Helping teens develop strong values comes down to how you talk to them when they behave badly, says Michele. When kids are acting up, it can be easy to just tell them to knock it off and leave it at that. But Michele proposes linking your scolding with a positive value. Instead of just calling your kid a trouble-maker and imparting punitive measures, Michele recommends guiding kids to examine what their less-than-stellar behavior might say about the content of their character.

Michele lays out some steps you can take when encouraging your teen to think through their actions, which she calls “name, frame, and reclaim.” It starts by defining what you stand for as a parent, what lines you won’t allow kids to cross. Then, when kids do cross the line, she says call them on it, and name exactly how they’ve violated your family’s principles. Michele emphasizes the value of demonstrating to kids why their actions are wrong, and then giving them the power to explain how they’ll handle the situation differently next time.

This method leads kids to internalize a value system, explains Michele. This is more important than reminding teens of whatever rule they broke, as these principles are what will stick with them as they move through life, Michele says. When challenged by forces like peer pressure, kids will have a code of ethics to keep them from falling into bad situations. In the episode, Michele and I discuss how important it can be to be repetitive about these values, to make sure they really stick in kids’ heads.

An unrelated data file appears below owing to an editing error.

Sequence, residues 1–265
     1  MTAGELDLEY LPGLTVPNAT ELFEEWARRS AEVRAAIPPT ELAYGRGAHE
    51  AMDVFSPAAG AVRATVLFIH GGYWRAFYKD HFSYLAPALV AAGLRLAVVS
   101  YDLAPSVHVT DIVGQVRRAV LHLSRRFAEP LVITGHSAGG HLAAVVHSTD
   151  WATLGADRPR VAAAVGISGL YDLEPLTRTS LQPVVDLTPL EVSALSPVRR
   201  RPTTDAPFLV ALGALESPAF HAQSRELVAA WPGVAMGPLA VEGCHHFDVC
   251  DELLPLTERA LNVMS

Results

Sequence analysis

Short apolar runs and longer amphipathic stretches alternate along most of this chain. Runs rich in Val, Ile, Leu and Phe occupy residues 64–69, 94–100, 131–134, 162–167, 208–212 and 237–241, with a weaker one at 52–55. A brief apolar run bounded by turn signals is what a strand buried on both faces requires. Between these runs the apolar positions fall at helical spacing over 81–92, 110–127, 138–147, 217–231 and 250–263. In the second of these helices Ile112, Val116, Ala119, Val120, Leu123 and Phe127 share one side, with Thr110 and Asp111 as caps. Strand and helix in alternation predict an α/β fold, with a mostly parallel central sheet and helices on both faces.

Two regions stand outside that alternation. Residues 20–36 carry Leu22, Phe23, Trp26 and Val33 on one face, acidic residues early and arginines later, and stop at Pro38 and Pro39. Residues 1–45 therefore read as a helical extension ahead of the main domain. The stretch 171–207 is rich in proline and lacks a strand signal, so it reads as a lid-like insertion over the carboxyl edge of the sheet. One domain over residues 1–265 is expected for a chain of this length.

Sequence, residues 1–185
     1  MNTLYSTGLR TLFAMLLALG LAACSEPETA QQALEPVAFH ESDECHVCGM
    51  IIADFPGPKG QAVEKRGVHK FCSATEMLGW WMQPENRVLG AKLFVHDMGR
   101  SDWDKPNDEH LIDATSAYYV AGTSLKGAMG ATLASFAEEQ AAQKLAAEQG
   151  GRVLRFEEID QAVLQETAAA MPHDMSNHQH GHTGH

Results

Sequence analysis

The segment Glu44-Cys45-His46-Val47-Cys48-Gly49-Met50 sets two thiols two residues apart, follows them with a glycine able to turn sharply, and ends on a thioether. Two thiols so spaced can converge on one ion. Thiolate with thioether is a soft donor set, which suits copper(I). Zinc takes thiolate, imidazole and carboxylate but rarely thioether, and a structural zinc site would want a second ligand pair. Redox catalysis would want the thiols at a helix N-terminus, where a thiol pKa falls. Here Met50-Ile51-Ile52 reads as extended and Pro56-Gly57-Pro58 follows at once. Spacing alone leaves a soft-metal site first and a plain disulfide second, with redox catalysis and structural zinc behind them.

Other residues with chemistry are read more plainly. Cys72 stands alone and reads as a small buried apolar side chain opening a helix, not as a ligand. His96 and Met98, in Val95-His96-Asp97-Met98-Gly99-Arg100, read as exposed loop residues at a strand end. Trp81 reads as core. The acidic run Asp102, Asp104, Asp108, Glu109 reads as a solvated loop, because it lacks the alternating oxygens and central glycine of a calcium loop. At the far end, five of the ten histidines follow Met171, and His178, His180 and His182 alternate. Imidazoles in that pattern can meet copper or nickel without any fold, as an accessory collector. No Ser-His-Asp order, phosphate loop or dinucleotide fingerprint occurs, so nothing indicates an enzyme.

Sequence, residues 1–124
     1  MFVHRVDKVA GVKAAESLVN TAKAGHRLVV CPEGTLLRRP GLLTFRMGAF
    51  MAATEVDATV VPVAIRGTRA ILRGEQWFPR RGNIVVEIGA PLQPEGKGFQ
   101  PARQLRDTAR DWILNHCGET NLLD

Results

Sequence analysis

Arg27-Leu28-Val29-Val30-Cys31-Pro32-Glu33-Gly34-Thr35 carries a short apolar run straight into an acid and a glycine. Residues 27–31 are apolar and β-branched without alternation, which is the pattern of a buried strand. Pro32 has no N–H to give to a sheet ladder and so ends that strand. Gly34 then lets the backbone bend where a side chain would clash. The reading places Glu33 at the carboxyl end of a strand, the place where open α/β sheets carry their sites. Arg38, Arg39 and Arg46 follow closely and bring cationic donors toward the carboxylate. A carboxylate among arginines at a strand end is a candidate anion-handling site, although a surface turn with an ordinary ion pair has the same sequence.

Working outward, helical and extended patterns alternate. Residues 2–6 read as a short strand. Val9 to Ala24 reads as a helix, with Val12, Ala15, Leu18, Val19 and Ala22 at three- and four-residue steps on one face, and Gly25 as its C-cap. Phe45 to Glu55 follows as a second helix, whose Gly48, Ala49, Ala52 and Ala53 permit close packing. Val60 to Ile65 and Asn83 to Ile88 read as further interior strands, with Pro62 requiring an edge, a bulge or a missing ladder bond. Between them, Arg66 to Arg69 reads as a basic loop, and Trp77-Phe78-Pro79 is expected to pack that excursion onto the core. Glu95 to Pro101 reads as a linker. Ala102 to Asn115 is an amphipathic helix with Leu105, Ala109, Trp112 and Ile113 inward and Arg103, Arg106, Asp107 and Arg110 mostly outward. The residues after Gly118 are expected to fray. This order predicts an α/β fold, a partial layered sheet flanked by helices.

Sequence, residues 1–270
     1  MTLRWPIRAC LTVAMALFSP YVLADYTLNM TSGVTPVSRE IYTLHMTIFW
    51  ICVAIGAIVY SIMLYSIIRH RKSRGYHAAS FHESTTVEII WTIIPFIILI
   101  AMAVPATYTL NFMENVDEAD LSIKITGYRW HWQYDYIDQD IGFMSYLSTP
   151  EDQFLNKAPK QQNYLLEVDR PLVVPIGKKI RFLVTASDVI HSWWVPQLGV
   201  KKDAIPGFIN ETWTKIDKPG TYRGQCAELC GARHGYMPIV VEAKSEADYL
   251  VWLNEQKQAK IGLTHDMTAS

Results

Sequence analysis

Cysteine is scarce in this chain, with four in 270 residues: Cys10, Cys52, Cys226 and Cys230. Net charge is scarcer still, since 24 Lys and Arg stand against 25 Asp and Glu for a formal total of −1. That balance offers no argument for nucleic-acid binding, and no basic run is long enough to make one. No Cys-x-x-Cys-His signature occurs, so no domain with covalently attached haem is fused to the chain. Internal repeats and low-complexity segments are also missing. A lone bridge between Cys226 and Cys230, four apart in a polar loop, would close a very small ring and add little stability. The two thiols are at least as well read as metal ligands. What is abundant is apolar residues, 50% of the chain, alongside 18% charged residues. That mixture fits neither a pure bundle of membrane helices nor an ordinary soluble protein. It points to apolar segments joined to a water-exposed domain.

Beyond just skills and values, kids need to develop some independence before they’re out on their own. If they’re thrown into life without having a sense of self sufficiency, they may come crawling back to the nest. In the episode, Michele and I detail how you can help kids find agency, even while they’re still living under your roof.

Fostering a Sense of Agency